I grew up in Georgia and believed the “tradition” argument for a long time. It was two libertarians who persuaded me otherwise. The first, oddly, was Neal Boortz, who is often crazy but made the point that in SC and Georgia, the flag had nothing to do with tradition and everything to do with defying Brown v. Board of Education. They weren’t on the flag until that decision was handed down and they were incorporated to show a racist resistance to integration. The second … and I can’t remember who made this argument, but it was at Reason.com … is that the flag is supposed to represent all the citizens of a state. And if some citizens find it offensive — whether that offense is reasonable or unreasonable (and I think it’s entirely reasonable in this case) — it should be changed.




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  12. Pete S says:

    @stonetools:

    To a certain extent, Bush and Romney can rely on big business support a bit more than the other Republican candidates, who have to pander more to the bigotry of the Republican base.

    No, they don’t. There is nothing to stop someone like, for example, Marco Rubio from saying “I don’t want the nomination if it means I have to suck up to a bunch of racist yahoos. Nobody can make South Carolina take the flag down, but they should take it down.” The race for the nomination is already overcrowded, so it might be an opportunity for a candidate to distinguish themselves a bit.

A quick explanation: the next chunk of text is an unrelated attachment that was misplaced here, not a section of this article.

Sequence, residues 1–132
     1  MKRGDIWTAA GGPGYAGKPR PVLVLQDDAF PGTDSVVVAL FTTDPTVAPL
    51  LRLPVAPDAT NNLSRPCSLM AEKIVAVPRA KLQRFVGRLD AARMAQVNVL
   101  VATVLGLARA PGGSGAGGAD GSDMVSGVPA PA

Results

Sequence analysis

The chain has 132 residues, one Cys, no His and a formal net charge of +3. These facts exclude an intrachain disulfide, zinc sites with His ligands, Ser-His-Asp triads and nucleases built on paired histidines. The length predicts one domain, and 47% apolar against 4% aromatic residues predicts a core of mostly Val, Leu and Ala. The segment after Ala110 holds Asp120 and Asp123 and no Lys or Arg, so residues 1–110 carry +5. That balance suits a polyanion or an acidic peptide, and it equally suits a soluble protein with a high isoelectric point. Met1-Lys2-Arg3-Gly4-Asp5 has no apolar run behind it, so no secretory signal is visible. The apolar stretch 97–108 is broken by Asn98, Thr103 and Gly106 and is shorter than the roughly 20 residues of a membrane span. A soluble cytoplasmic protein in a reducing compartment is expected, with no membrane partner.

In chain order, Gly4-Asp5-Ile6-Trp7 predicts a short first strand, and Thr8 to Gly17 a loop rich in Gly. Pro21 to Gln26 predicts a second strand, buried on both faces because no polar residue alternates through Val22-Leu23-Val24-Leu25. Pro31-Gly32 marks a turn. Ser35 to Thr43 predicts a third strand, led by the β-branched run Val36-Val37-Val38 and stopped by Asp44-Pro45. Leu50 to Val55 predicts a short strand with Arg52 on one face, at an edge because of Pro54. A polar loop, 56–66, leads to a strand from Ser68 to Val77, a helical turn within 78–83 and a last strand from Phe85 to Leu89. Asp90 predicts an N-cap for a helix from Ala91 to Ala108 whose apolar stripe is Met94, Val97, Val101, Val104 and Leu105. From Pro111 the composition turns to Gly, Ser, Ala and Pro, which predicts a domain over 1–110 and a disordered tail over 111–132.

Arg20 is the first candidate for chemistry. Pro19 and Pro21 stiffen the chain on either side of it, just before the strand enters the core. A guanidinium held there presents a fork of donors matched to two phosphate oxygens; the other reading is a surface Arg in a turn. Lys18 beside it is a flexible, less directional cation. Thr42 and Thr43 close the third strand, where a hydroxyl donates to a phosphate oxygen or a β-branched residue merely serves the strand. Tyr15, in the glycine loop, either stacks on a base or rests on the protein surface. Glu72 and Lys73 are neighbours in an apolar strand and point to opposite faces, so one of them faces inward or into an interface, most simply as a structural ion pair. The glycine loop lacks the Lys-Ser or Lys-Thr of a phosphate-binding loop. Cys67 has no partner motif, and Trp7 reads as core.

I know, not everyone who likes the Confederate Battle flag is an overt racist. But the “heritage” represented by this flag was largely taking up arms in defense of slavery, then opposition to civil rights. This flag did not fly for most of the history of the South.




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  13. CSK says:

    I’ve mentioned this before, but outside the south, the Confederate battle flag is associated with the worst elements of society. If you see it on a pick-up truck in rural New Hampshire, beware of the driver. And it appears to be the favored fashion accessory of those who also love Nazi regalia.

    I’ve tangled with southerners about this. I ask them why the flag appeals to northern degenerates, and they get huffy and say they can’t be held responsible for those who co-opt this symbol of southern heritage.

    Which neatly evades the real issue: Why does this flag appeal to so many cruds?




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  14. Grewgills says:

    There are two non exclusive reasons some Southerners have embraced this particular symbol of 4 years of Southern history, one is racism and the other ignorance. Neither of those says much good about the people who choose to fly it.




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  15. Rafer Janders says:

    The Confederate flag is a symbol of treason against the United States of America. The men who fought under that flag made war on the United States Army and United States Navy. and conspired with America’s enemies to bring them into the war against her.

    It is an outrage, a despicable outrage, that the GOP candidates who claim to love America equivocate at all, at all, about denouncing a symbol of treason to their country. By doing so, they dishonor the sacred memory of the brave men of the US Army and Navy who fought and died to preserve this country against the Southern treason.